Certification Under the Composite Wood Products Regulation

Under California’s Composite Wood Products Regulation, any composite wood products contained in flooring products are required to be certified as complying with California’s formaldehyde emissions standard.

According to CAL. CODE REGS., tit. 17, § 93120.3, the companies that make flooring are required to:

  • Label their flooring or boxes of flooring as having been made with certified compliant composite wood products.
  • Keep records to verify that they have purchased compliant products.
  • Inform distributors and retailers that their flooring is compliant with California’s CARB Phase 2 requirements.

The Composite Wood Products Regulation establishes an emissions standard at levels intended to protect public health. However, some flooring products may have been falsely labeled. This is precisely what has happened with laminate flooring manufactured in China and sold in the U.S. by Lumber Liquidators.

Lumber Liquidators falsely labeled these flooring products as compliant with CARB Phase 2 for formaldehyde when the levels of formaldehyde contained in the products actually exceeded the levels required under the Composite Wood Products Regulation. This practice has deceived purchasers adding concern over formaldehyde health effects and risk in the public.

Future National Emissions Standards for Formaldehyde

The emissions limits set by CARB are among the most comprehensive and exacting in the country. In fact, these standards have served as a model for national standards that the U.S. Environmental Protection Agency (EPA) is considering.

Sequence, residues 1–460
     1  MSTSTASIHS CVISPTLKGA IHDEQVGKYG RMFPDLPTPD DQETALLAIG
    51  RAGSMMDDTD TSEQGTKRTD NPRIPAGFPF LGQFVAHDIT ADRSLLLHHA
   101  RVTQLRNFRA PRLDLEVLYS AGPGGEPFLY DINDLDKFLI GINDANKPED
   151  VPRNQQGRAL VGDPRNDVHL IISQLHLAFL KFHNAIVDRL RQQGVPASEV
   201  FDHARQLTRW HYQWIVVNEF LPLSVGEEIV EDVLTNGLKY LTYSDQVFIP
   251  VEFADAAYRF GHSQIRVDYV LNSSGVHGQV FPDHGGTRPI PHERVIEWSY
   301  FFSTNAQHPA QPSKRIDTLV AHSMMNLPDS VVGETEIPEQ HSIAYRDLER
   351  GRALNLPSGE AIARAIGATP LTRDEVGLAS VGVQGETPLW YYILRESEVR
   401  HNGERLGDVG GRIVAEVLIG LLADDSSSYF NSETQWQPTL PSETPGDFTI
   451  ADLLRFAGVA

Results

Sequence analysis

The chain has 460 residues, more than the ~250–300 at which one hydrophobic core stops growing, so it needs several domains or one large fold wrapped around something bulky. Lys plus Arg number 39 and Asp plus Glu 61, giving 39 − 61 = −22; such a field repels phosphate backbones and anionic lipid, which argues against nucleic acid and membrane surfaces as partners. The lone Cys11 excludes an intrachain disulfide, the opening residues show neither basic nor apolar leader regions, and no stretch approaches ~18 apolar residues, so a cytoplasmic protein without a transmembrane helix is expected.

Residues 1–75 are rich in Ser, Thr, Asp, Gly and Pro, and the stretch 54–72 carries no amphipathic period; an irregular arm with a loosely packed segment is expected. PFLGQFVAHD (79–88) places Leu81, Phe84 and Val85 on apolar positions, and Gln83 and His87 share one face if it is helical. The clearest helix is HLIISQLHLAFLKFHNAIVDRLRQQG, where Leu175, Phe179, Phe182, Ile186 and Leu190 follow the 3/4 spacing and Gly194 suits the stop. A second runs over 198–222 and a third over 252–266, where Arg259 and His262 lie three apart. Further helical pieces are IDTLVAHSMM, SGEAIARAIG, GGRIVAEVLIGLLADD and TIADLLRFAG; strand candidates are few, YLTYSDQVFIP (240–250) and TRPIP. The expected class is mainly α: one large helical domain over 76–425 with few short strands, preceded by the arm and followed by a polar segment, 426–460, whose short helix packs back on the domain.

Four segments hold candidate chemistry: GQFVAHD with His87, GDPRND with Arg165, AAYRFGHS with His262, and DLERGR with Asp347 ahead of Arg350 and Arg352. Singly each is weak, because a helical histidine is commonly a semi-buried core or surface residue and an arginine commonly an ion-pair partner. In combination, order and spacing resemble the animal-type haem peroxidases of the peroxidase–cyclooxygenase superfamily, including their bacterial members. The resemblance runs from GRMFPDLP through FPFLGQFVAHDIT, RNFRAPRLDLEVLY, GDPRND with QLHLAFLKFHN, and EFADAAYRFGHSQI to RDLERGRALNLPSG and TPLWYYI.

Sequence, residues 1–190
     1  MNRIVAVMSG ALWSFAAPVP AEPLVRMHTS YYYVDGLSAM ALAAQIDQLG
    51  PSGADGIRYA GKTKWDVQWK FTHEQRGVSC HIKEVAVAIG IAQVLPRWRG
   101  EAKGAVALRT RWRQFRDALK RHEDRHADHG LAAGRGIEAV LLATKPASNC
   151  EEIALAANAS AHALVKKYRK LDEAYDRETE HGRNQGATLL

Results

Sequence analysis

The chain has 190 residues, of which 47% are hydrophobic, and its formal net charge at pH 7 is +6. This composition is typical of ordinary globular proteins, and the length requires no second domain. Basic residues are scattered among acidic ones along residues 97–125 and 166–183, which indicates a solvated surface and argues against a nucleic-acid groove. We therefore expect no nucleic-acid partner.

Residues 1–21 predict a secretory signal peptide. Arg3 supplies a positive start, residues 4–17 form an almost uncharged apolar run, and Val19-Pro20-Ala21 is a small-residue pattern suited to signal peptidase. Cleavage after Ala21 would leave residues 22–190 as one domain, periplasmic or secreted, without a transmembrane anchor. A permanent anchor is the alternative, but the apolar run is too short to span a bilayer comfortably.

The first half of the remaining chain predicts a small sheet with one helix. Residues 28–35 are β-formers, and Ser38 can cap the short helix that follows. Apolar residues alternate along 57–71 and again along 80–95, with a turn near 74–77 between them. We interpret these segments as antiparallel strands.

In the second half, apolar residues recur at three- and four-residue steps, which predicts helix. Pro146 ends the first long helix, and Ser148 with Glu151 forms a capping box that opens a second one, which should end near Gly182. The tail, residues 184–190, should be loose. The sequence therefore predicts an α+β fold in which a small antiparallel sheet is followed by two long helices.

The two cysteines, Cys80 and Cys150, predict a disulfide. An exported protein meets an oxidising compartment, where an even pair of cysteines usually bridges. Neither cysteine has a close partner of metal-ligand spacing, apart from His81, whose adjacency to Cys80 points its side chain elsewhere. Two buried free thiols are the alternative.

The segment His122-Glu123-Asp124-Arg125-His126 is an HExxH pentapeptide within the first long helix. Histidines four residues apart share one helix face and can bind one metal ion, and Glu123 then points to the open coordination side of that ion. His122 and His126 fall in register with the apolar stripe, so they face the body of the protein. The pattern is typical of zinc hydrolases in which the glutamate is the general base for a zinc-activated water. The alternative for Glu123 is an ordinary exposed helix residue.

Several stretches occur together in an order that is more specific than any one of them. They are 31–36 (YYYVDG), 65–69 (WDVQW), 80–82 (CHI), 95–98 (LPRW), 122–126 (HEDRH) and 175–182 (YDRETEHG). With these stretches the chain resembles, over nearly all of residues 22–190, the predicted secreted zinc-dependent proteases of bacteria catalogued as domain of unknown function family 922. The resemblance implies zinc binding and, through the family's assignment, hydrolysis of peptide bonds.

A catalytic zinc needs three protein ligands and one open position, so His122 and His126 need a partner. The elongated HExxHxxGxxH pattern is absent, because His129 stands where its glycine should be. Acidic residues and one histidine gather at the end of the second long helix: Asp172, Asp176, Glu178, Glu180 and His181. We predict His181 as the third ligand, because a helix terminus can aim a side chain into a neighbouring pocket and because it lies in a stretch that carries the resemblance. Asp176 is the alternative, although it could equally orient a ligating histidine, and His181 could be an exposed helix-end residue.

Congress tasked the EPA with developing regulations to implement the Formaldehyde Standards for Composite Wood Products Act, or Title VI of the Toxic Substances Control Act. In 2013, the EPA proposed rules to implement national formaldehyde emissions standards for a range of composite wood products. These proposed regulations also contain testing and third-party certification requirements for hardwood plywood, particleboard, and medium-density fiberboard, as well as recordkeeping and labeling requirements.

The EPA anticipates finalizing these rules in late 2015. Unfortunately, until the rules are finalized, no national emissions standards exist for formaldehyde in composite wood products. For now, they have posted some answers to Questions on Formaldehyde.

W&L Files Lawsuits Against Lumber Liquidators

In the spring of 2015, Weitz & Luxenberg filed class action lawsuits against Lumber Liquidators in federal courts in Manhattan and San Francisco on behalf of a nationwide class. The lawsuits were filed for violations of consumer protection statutes, breach of warranty and fraudulent concealment. Plaintiffs in those actions seek damages for the costs of the flooring materials and installation, as well as costs to remove the unlawful laminate flooring.

If you purchased laminate flooring from Lumber Liquidators, you may be entitled to recover damages. Please contact us today for a free consultation either online or by phone at 844-400-4357.